By David Detmold / photos by Suzanne Webber
The ancestors have gone home.
That is the word from the town of Barre, where on Saturday, November 5, at 7 o’clock in the evening, under a waxing moon, eleven archival boxes were loaded into the back of a black Suburban while the smell of burning sage and the keening cries of Lakota grandmother Violet Catches rose upwards toward the heavens.
Inside those boxes, according to Aaron Miller, associate curator and NAGPRA (Native American Graves Protection and Repatriation Act) coordinator at the Mt Holyoke College Art Museum in South Hadley, were approximately 150 items considered sacred by the Lakota. They had been kept in the private Founders Museum on the second floor of the Woods Memorial Library, just off the Barre town common, for the past 130 years. Shortly, they would begin their long journey back to South Dakota, with Cedric Broken Nose at the wheel. He is a direct descendant of Chief Spotted Elk, who led the band of Miniconjou and Hunkpapa Lakota who died in the massacre at Wounded Knee.
This summer, when the Barre Museum Association board decided to return these sacred objects to their tribes of origin they called in Miller, who has a PhD in archeology from Memorial University in Newfoundland, to consult with tribal representatives and guide the board through the process of repatriating of the artifacts, eight of which were clearly labelled as originating from the killing field at Wounded Knee. Miller said many of the unlabeled items are probably associated with the massacre as well.
On December 29, 1890, at the small village of Wounded Knee on the Pine Ridge reservation in South Dakota, hundreds of disarmed Lakota, camped under a white flag of truce, were surrounded by troops of the U.S. 7th Cavalry, under Col. James Forsyth, and slaughtered in a rain of exploding shells and rifle fire. Their bodies were left lying in the snow for three days.
Local ranchers were hired by the army to clear the killing field and haul the bodies to a nearby hill for mass burial. Some, including a teamster by the name of Nealy Williams, took the opportunity to strip the bodies of clothing and personal belongings to sell as curiosities, as mementos of the massacre. A traveling shoe salesman from Barre by the name of Frank Root reportedly purchased a number of these artifacts from Williams. According to contemporaneous newspaper accounts, he brought his collection back home and displayed them in Eastern cities including Boston before donating them to the Founders Museum in Barre in 1892.
Among the items returned on Saturday were a Ghost Shirt (a shirt worn by practitioners of the Ghost Dance movement) with a bullet hole through the sternum, beaded necklaces, moccasins, children’s dolls, small charms known as cekpognaka made from babies’ umbilical cords, a dozen pipes fashioned with stone bowls and wooden stems, a bow, an ax head, and the empty scabbard of a knife.
Miller referred to all 150 items collectively as “ancestors,” adopting terminology used by the Lakota and other tribes in reference to clothing worn and items carried by people who may have died violently.
“This is a really important collection culturally to this community,” said Miller, referencing the Lakota. “Also, these are the sort of things many museums hang onto. Barre decided to honor the claim and return the objects,” even though the National NGPRA Program recently determined that the privately owned museum was not subject to NAGPRA requirements since it does not receive federal funding. “What folks here have decided,” said Miller, “will influence a lot of other museum collections.”
At the Ruggles Lane Elementary School, waiting for a formal repatriation ceremony to begin at 1 pm, Barre selectboard member John Dixson said, “I’m really proud of what this town is doing. But at the same time, it’s really hard to reconcile this with the long history of wrong that has been done.”
More than 250 people filled the gymnasium, with nearly equal proportions of local townspeople and Indigenous people. Many came from South Dakota, but there was solid representation from the central Massachusetts bands of the Nipmuc, the Mashpee Wampanoag, and from the Native American Program at Harvard, which sent a busload of students and faculty.
Wendell Yellow Bull, a descendant of Wounded Knee survivor Joseph Horn Cloud, whose parents and three other family members died in the massacre, stood at the podium and said, “Welcome to a great historical event. It is really a positive day.”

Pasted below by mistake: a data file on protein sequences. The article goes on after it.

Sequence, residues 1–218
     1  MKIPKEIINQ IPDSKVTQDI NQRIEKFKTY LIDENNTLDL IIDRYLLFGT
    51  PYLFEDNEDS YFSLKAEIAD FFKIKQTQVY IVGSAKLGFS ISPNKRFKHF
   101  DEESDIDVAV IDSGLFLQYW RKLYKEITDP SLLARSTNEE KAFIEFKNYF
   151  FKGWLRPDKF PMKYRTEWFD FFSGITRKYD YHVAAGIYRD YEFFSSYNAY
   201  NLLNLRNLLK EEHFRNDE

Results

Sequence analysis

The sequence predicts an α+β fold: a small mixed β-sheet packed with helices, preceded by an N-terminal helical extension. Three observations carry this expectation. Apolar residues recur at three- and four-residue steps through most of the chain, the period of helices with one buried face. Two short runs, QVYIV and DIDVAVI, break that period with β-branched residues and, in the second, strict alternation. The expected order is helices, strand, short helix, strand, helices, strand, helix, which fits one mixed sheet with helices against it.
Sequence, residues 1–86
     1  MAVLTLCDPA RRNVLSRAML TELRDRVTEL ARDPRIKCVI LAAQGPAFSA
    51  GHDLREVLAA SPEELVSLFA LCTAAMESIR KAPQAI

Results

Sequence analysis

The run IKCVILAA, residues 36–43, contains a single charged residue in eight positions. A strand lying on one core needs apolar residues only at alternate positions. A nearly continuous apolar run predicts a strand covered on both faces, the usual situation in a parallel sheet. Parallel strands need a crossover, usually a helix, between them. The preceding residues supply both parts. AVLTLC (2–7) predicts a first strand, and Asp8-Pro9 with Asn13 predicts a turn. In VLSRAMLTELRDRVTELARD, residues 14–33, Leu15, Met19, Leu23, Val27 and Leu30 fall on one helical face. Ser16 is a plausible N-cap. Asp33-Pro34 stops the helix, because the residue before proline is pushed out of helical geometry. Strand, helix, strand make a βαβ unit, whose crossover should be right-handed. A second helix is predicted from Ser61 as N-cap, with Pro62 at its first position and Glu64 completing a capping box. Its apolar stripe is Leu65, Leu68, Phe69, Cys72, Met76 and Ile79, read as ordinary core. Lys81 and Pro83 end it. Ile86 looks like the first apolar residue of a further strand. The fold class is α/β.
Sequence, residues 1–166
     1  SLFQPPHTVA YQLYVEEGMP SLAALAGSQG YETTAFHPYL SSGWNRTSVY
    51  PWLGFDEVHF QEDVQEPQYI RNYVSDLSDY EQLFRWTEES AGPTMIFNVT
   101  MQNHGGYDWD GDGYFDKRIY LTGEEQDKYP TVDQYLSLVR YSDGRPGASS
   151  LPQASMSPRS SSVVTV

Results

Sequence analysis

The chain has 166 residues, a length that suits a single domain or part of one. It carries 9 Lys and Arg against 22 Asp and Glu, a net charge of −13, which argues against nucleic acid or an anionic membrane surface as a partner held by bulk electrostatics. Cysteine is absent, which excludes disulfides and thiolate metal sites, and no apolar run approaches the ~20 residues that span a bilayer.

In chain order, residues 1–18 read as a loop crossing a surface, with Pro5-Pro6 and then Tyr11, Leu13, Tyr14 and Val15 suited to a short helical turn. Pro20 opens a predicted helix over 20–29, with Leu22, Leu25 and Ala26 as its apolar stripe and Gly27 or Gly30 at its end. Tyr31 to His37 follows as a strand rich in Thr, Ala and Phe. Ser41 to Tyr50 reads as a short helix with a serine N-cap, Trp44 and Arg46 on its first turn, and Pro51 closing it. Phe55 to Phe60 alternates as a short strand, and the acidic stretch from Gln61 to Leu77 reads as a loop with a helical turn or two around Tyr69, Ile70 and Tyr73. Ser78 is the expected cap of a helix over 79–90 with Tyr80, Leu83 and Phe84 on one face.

Following welcoming prayers from spiritual leader Richard Broken Nose, Lakota historian Richard Moves Camp, said, “I express my gratitude to the people of Massachusetts and Indigenous tribes of this land. Today we gather for a major step toward healing. We are the descendants of the people whose lives were taken. We pray that there will be healing. This is a historical moment. Today we will pray for the future generations, for healing.”
Moves Camps said the Lakota do not often display their sacred pipes in public, but today they would make an exception. Cedric Broken Nose knelt in front of the podium and filled the bowl of a chanupa, a sacred pipe, and lit sage in an abalone shell.
Moves Camps said, “We are the Lakota Nation. We are Indigenous People. Sometime in 1890, some of our people… they killed. They tried to kill us, but our spirit is still here. All the way to the East Coast, all the way out to the West Coast, all the way up to the border of Canada, all the way down to Mexico, we are the center of the universe, the center of the People. We still have our (White Buffalo) Calf Woman Pipe, back to Cheyenne River. We’re survivors. I shake hands with you and my heart is open to you.”
The Lakota bowed their heads in silence as Broken Nose held the stem of the pipe skyward.
“Thank all of you for coming here today,” said Moves Camp. “Indigenous Nations in the area, thank you for welcoming us to your land, to retrieve our relatives who were taken from us over 130 years ago, that their spirits may be at peace. We carry inter-generational pain. But today, we pray there will be a closure, and then a new generation of all people walking together.”
He beat a drum and sang a welcoming song. Women in all corners of the room raised their voices in loud tremolos. Burning sage was carried along the aisles.
Moves Camp said, “At the time that the massacre happened, they were doing the Ghost Dance to bring their relatives and the buffalo back. For them, I’ll be singing this song.”
After that, state senator Anne Gobi rose to the microphone. “I welcome you,” she said, turning toward the Lakota visitors. “Thank you for your patience and your understanding. Today, here in the heart of the Commonwealth, the little town of Barre will lead the way. As Martin Luther King said, ‘There is never a wrong time to do the right thing.’”
Cheryll Toney Holley, chief of the Hassanamisco Nipmuc, stood next. “I’m here to welcome you, our relatives, to our territory. Our people are happy that these remains are being returned. We will continue to work to bring home all the ancestors held hostage in museums, libraries, classrooms and basements, freeing them from their prisons and putting their spirits to rest.”